- They verbally informed me that they were conducting this meeting to ensure appointments could be made to continue with the domestic tournaments
- I will study the decisions taken and seek a legal opinion on whether the meeting is legal or not. I will take a decision, after that
- I had referred a name as a Sports Ministry representative for the meeting, but was unaware if the representative had been invited
By Shehan Daniel
Sports Minister Harin Fernando said he would seek legal opinion before determining whether the Sri Lanka Cricket (SLC) Annual General Meeting (AGM) held yesterday, was legal or not.
At least one club had objected to the AGM being conducted yesterday, on the grounds that the audited accounts for 2018 had not been circulated among the membership as mandated by the Sports Law and also SLC Constitution.
But the AGM, preceded by an Extraordinary General Meeting (EGM), was held where among the decisions taken was the recognition of a representative of the School Cricket Association as a member of the Executive Committee of SLC.
The Sports Minister said, “They verbally informed me that they were conducting this meeting to ensure appointments could be made to continue with the domestic tournaments,” adding that he was aware the necessary accounts had not been presented.
“I will study the decisions taken and seek a legal opinion on whether the meeting is legal or not. I will take a decision, after that,” he added.
He also said that he had referred a name as a Sports Ministry representative for the meeting, but was unaware if the representative had been invited.
Questions regarding the legality of the meeting were raised by the Colombo Colts Cricket Club, albeit at the eleventh hour, when it wrote to SLC on Saturday stating that the meeting would be a violation of the Sports Law and the SLC Constitution.
Despite issuing stakeholders with a notice, stating that their AGM would be conducted on May 12, SLC had not annexed accounts for the year 2018.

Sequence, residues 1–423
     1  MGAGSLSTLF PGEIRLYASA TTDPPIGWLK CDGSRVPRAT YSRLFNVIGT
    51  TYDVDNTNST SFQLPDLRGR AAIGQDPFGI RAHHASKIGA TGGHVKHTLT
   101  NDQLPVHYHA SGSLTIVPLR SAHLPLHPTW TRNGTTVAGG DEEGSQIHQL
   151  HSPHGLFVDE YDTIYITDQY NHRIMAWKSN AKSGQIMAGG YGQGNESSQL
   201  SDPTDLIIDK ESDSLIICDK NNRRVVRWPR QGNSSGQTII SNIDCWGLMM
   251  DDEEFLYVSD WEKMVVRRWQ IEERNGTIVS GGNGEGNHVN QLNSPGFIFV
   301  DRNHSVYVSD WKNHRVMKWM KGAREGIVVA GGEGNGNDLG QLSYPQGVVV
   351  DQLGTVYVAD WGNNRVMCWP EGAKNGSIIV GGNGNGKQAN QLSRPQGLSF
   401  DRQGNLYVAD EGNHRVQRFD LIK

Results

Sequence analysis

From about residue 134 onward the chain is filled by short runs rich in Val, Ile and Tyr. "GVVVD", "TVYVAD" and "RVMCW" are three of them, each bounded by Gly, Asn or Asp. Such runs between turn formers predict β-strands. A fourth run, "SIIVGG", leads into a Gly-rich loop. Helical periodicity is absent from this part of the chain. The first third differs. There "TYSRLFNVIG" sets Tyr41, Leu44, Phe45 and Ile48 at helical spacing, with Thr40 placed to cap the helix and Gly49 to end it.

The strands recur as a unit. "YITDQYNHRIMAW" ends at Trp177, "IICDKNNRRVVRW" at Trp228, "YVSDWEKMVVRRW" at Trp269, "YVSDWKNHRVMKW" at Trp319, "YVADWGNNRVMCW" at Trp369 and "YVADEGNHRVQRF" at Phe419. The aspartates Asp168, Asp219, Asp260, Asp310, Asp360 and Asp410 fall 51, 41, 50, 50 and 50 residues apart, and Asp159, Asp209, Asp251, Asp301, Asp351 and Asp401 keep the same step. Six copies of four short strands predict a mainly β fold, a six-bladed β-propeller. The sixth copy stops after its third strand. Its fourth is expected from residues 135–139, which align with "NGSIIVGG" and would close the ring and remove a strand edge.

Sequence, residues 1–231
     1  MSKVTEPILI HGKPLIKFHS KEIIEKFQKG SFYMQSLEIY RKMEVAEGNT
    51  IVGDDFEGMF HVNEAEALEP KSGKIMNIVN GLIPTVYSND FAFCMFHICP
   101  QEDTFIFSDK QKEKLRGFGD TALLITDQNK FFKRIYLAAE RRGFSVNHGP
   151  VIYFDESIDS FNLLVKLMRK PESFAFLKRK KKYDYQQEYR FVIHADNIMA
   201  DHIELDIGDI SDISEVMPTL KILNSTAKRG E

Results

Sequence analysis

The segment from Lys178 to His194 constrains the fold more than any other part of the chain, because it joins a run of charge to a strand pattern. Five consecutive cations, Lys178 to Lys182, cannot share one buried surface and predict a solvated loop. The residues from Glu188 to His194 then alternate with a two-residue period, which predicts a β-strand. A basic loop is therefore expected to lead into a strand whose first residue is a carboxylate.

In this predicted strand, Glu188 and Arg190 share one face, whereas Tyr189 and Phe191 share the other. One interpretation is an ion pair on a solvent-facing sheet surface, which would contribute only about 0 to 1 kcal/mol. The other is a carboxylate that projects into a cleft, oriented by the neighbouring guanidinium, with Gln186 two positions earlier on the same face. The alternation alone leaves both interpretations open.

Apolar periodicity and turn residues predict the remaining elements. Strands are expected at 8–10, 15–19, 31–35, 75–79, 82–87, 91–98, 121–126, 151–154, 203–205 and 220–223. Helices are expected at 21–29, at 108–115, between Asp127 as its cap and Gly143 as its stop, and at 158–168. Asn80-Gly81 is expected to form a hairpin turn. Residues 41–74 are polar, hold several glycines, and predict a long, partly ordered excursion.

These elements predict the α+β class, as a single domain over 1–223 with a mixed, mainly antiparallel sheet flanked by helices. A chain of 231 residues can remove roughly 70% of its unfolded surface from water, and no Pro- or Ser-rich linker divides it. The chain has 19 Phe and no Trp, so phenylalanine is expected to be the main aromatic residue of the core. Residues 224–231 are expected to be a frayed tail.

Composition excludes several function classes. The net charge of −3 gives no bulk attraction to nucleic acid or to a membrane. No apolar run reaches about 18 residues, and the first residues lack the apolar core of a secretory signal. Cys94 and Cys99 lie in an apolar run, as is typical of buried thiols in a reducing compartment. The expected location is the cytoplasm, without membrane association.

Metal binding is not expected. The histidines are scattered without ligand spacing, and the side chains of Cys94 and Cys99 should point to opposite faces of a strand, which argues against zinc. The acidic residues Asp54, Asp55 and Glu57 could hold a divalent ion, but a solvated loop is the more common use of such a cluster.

“As you are aware, the tabling of the Audited Financial Statements in respect of the preceeding financial year at an Annual General Meeting (AGM) to be held on or before the 31st of May in each year is a statutory requirement under regulation No 7(xv) vide National Associations of Sports Regulation,” the letter, signed by its President Nishantha Ranatunga, read.
“Further it is a mandatory requirement in accordance of the Constitution of Sri Lanka Cricket according to Section 16 Article (b) “The Annual Report and a copy of the Audited Financial Statement Certified by the Auditor General pertaining to the preceding financial year shall be circulated not less than fourteen days before the date fixed for such meetings,” it also read.
Representatives of Colts, including Ranatunga, had raised a further objection and walked out of the AGM.
SLC had adjourned the AGM until the financial accounts for the year ended 2018 was certified by the Auditor General.
SLC Secretary Mohan de Silva contended that it was impossible for the accounts of 2018 to be presented at yesterday’s AGM as they had only taken office on February 21.
“Before we took over office, there were two interim arrangements, overseen by Competent Authorities, and none of the management accounts had been passed. Also there were two audits that took place, so our accounts section could not prepare everything that was necessary to ensure the accounts could be presented yesterday,” he said.
“We took office on February 21 and had to submit financial statements within seven days to the Auditor General, which we simply could not do,” he also said.
De Silva said he had written to the Sports Minister last month, on April 25, seeking permission to present the accounts for 2018 at the next AGM in May 2020, as they had been unable to circulate those accounts within the time-frame stipulated in the Sports Law.
The Minster had not responded to this letter, de Silva confirmed, saying that a representative of the Minister had merely communicated over telephone that the Minister had no such provision to allow such an extension.
“This objection has been raised by individuals who could not win an election the democratic way and are trying to disrupt the development of the game. We can’t postpone the AGM just because one club objects,” de Silva argued.
As it stands, a question arises as to whether mandatory provisions of the Sports Law could be dispensed with due to practical circumstances and if so to which extent and the manner in which such could be pursued.
It is in such premise that one would have to await the Minister’s determination.